IR LED from TV Remote

Thread Starter

Alessandro Marchei

Joined Apr 21, 2020
10
Good morning,

I am building a project using IR LED to communicate with a vs1838 IR sensor via NEC protocol.

I studied very well the circuitry of a simple tv remote control and I am wondering why the sensor reads the signal from my LED only if it's just 2-3 meters away from it and while looking straight at the receiver. Insead, if I use the remote, it seems that it can send data from every angle and every distance .. also 10meters or more.

Supposing my code generated from arduino to emulate the NEC protocol (at 38 kHz frequency)is correct (and it does), what could be the problem?

I am driving the LED with a npn transistor (as in the remote control) at 40-50 mA of current, which I think is fair enough.

Why is it so hard for my led to communicate with the sensor? Any advice?

Thank you in advance.

PS : Could it be that tv remote controls have an optimal shape at the emitter, so that the beam is spreaded all over the directions?
https://ak.picdn.net/shutterstock/videos/10017164/thumb/1.jpg
 
Last edited:

hexreader

Joined Apr 16, 2011
536
Wild guesses only.....

1) 50mA may be insufficient unless that is the average current - some IR LEDs can cope with 1A peak and 100mA continuous. (show your schematic)

2) Inaccurate current measurement - how are you measuring?

3) Inaccurate protocol timings (poor coding) - (show your code) - "learned" timing may not match original timing

4) Slow switching - edges should be square, rounded off edges could in theory reduce reliability - (show your schematic)

5) something else I have not thought about
 

ericgibbs

Joined Jan 29, 2010
13,274
Hi,
If you have a mobile phone with an inbuilt video cam, you can compare the apparent brightness of the Remote and the Arduino Remote LED’s.

In a darken area with a low ambient light level, cover over the phone camera lens,with your hand and point the Remote at the camera lens and press a button on the remote, you should see a the LED flickering, do the same for the Arduino remote and compre the LED brightness.

Most mobile phones are able to detect the IR signal.

E
 

Thread Starter

Alessandro Marchei

Joined Apr 21, 2020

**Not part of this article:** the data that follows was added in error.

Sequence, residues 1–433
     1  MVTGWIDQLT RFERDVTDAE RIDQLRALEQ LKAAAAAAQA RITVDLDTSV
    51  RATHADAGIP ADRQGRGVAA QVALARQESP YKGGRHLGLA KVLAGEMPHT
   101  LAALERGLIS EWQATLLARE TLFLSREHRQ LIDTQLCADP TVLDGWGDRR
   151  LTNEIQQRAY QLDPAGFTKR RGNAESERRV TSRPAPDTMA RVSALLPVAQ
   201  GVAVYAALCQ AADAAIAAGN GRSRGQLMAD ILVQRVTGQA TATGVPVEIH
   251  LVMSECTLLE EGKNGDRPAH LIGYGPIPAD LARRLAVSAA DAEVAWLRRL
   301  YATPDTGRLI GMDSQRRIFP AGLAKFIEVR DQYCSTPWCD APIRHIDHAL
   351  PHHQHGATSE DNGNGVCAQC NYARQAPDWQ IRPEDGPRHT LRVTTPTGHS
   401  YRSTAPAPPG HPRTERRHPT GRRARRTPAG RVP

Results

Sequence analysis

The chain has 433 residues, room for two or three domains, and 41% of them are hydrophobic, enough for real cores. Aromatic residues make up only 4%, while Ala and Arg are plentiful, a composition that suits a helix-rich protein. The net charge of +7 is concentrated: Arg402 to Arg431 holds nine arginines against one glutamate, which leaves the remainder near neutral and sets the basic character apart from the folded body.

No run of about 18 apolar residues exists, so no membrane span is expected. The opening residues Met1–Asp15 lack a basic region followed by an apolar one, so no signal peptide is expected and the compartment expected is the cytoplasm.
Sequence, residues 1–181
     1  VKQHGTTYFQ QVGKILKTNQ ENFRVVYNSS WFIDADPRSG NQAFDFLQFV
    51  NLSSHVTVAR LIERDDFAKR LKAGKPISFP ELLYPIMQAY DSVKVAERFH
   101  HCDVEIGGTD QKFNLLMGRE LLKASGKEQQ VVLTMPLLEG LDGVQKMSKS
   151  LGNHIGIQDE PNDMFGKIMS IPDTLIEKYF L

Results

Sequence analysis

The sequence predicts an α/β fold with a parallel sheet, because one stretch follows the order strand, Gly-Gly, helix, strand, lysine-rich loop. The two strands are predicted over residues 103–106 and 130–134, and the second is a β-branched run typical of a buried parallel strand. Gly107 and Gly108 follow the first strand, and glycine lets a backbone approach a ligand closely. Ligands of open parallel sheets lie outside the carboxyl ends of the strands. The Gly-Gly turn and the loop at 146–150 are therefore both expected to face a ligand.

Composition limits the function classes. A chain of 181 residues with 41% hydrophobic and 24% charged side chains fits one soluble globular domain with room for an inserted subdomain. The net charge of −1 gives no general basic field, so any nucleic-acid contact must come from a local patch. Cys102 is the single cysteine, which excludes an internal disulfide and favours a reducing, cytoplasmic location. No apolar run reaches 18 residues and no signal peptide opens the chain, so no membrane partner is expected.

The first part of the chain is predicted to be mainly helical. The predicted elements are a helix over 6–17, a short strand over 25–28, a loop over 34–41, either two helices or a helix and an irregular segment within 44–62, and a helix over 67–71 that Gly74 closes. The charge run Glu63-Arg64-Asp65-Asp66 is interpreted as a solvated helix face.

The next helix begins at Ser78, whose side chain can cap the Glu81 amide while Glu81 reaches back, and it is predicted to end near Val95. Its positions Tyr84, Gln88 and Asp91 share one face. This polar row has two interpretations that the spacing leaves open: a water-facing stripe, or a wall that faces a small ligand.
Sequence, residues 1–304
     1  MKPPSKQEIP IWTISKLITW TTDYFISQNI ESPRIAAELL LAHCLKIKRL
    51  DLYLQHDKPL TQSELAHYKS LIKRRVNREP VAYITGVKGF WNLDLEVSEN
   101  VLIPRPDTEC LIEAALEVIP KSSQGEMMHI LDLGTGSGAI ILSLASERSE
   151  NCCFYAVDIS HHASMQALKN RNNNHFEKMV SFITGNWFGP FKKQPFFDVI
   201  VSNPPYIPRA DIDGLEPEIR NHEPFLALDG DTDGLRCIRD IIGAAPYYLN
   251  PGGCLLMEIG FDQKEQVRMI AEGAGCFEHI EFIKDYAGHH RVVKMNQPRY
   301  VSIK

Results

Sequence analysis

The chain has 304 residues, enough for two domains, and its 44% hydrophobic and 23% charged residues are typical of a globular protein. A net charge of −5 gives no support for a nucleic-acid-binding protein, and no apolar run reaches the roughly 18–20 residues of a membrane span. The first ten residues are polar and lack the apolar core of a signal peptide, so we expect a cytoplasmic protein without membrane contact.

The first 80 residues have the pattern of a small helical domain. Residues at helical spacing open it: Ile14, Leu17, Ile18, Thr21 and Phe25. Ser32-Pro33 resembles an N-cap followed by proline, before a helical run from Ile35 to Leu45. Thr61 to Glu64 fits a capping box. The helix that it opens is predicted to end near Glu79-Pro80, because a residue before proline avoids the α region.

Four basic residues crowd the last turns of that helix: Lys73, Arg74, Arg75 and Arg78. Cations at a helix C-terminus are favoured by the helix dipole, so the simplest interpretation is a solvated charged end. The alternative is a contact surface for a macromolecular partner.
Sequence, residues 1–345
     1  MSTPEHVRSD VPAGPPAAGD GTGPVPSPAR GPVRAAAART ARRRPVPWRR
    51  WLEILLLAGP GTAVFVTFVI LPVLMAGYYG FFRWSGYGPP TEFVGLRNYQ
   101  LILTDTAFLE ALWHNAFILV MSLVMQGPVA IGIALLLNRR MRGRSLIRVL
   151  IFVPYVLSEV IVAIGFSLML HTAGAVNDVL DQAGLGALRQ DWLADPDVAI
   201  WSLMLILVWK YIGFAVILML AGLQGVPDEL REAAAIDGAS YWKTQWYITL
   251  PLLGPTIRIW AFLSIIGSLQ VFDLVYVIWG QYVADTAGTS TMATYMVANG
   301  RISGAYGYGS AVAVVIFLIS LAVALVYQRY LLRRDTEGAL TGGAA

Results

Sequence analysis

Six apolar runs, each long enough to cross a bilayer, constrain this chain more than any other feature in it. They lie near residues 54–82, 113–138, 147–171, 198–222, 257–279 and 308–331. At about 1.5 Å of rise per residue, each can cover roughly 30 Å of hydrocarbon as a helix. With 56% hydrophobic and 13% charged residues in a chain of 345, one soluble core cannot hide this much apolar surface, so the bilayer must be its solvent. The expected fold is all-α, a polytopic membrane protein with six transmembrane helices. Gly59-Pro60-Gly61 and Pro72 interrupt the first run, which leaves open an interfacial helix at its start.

10
Wild guesses only.....

1) 50mA may be insufficient unless that is the average current - some IR LEDs can cope with 1A peak and 100mA continuous. (show your schematic)

2) Inaccurate current measurement - how are you measuring?

3) Inaccurate protocol timings (poor coding) - (show your code) - "learned" timing may not match original timing

4) Slow switching - edges should be square, rounded off edges could in theory reduce reliability - (show your schematic)

5) something else I have not thought about
Sorry but now I cannot share schematics or code, but I think the major issue could be the current at 99%.. in the tv remote the driver is composed by a npn transistor with the LED at the collector, the base connected to the output pin from the microcontroller, and the current limiting resistor is placed at the emitter with just 4 OHMs.. Assuming 3V power supply, the current at the collector should be at least 80 mA, quite a lot

So now I have to try to increase the amount of current and let's see..
 

Thread Starter

Alessandro Marchei

Joined Apr 21, 2020
10
Hi,
If you have a mobile phone with an inbuilt video cam, you can compare the apparent brightness of the Remote and the Arduino Remote LED’s.

In a darken area with a low ambient light level, cover over the phone camera lens,with your hand and point the Remote at the camera lens and press a button on the remote, you should see a the LED flickering, do the same for the Arduino remote and compre the LED brightness.

Most mobile phones are able to detect the IR signal.

E
Thank you for the advice.. this evening in absolute darkness I will try to compare the brightnesses with my phone.. but it seems they are pretty the same if checked in a luminous room..
 

ericgibbs

Joined Jan 29, 2010
13,274
hi AM,
Let's know how it goes, I would say that 100mA would be the correct current level for the LED.
Are you using the Arduino 5V to drive the LED. Resistor> NPN.?
Post a sketch.

I used a Nano to make a universal remote, works fine.
BTW: you can pass the NEC code from a laptop to the Arduino, write a simple PC program to do that, and then it is possible to create some novel features.

Simple Sketch:

C-like:
/* SKY
  IR Transmitter Demonstration 1
  IR-Xmit-Demo1.ino
  Control TV using IR Library
  IR LED must use Pin #3
*/
 
// Include IR Remote Library by Ken Shirriff
 
#include <IRremote.h>
 
String cmdSKY = "";
String rxdString;
boolean rxdEOL;

// Define a variable for the button state
int buttonState = 0;
 
// Create IR Send Object
IRsend irsend;
 
void setup()
{
  Serial.begin(38400);
}
void loop(){
    if (rxdEOL) {
  Serial.print(rxdString);
  cmdSKY= rxdString.substring(2,1);
 
 for (int i=1; i <4;i++){;   
 if (cmdSKY=="P"){
    irsend.sendRC6
    (0xC00C24, 24); // 
    delay(100);
 } 
 if (cmdSKY=="R"){
    irsend.sendRC6
    (0xC00C3E, 24); // 
    delay(100);
 }
if (cmdSKY=="D"){
    irsend.sendRC6
    (0xC00C21, 24); // 
    delay(100);
}
if (cmdSKY=="U"){
    irsend.sendRC6
    (0xC00C20, 24); // 
    delay(100);
}

 if (cmdSKY=="F"){
    irsend.sendRC6
    (0xC00C28, 24); // 
    delay(100);
}
 
     }   

 
    //  Serial.print(inpString +"...");
   //  Serial.println(sync);
     rxdString="";
     cmdSKY="";
     rxdEOL = false;
     Serial.println("*" + rxdString);   
}

}

void serialEvent() {  // Master Event
  while (Serial.available()) {
    // get the new byte:
    char inChar = (char)Serial.read();
     // add it to the rxdString:
     rxdString += inChar;

   if (inChar == '\n') {
  rxdEOL = true;

    }
  }  }
 
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